"Show me where it hurts."
For all of its painful associations, it's a tender phrase, one we associate with parental love and the occasional doctor's visit. As children, we couldn't use fancy words to describe our scrapes, but we could point and wince, and somehow the medicine knew where we hurt.
Or so it seemed. In reality, painkillers are less magic bullet and more shotgun blast: They cruise through the bloodstream, mixing metaphors and sabotaging the machinery of pain wherever they find it. So, if your head happens to be splitting when you pop a pill for your aching back, you get a twofer.
If you picture your body's nervous system like a series of Civil War telegraph wires, then you can imagine a series of dispatches coming into headquarters reporting damage from all over the country, which the president -- your brain -- experiences as pain. If you want to relieve the president's pain, you need to stop the sender, interfere with the wires or post a spy to intercept the messages. If you get really desperate, you can always knock the president unconscious.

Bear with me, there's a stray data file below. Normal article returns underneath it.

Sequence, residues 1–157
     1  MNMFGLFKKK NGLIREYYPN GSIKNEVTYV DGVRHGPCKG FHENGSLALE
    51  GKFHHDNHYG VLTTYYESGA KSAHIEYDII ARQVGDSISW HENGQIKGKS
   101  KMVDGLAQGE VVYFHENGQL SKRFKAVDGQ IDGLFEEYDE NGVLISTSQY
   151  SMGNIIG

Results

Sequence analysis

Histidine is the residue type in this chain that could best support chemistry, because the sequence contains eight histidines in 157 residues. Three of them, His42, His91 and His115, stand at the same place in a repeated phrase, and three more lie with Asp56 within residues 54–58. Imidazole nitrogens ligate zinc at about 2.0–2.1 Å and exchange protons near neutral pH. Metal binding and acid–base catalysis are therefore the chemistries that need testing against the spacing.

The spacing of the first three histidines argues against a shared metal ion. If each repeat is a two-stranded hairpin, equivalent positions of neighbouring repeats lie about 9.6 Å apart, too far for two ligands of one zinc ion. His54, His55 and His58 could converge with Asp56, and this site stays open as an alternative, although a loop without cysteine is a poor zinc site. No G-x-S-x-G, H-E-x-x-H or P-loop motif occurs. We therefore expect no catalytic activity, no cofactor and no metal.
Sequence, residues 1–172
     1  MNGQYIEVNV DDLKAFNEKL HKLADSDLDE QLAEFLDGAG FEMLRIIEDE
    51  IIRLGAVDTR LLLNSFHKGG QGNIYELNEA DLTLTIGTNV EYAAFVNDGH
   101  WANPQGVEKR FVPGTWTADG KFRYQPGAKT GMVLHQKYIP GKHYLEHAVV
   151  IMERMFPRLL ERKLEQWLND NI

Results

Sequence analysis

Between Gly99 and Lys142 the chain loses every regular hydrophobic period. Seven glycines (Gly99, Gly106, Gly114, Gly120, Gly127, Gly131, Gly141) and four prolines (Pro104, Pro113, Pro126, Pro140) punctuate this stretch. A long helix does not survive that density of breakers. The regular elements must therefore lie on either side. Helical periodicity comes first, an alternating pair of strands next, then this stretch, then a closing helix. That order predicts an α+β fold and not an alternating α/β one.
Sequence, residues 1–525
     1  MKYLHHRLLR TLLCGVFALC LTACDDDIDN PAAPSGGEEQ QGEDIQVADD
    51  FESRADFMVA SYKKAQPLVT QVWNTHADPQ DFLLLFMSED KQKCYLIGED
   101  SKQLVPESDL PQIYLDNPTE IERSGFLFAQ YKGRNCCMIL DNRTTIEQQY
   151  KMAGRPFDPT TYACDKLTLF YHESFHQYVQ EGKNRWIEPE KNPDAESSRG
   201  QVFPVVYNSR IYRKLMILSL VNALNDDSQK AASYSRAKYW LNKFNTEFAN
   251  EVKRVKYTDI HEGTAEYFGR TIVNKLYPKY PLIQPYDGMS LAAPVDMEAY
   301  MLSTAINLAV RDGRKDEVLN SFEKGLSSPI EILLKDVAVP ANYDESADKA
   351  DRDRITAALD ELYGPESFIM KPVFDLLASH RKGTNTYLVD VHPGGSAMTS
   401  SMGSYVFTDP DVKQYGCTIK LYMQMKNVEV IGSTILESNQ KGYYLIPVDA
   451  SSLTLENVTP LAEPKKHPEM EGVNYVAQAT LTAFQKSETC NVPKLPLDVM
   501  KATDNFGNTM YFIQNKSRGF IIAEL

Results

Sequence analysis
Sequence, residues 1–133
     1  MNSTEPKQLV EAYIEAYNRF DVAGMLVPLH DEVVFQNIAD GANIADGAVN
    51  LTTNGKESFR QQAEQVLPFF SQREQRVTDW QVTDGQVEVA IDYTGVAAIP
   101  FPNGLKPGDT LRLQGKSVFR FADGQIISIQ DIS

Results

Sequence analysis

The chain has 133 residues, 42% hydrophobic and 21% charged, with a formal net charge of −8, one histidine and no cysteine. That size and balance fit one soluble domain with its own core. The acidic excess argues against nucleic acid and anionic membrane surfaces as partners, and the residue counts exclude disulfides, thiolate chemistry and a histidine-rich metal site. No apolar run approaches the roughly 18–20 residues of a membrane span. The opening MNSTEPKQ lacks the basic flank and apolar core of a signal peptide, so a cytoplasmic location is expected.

Various pain meds adopt each of these approaches. Analgesics lessen pain without blocking nerve impulses, messing with sensory perception or altering consciousness. They come in many varieties, including anti-inflammatory drugs that reduce pain by shrinking inflammation. Analgesics also include COX inhibitors, which stop the signals, and opioids, which decrease the severity of pain signals in the brain and nervous system. When these just won't do, doctors turn to anesthetics, which just block all sensations, pain or otherwise, by knocking you out or numbing a particular area [sources: Encyclopaedia Britannica; Ricciotti and FitzGerald; Wood et al.].
So these treatments don't zero in on pain; rather, they wander along the transmission right-of-way, looking for pain-carrying messages and then blocking, destroying or intercepting them. To understand how this works, let's take a closer look at the physiology of pain.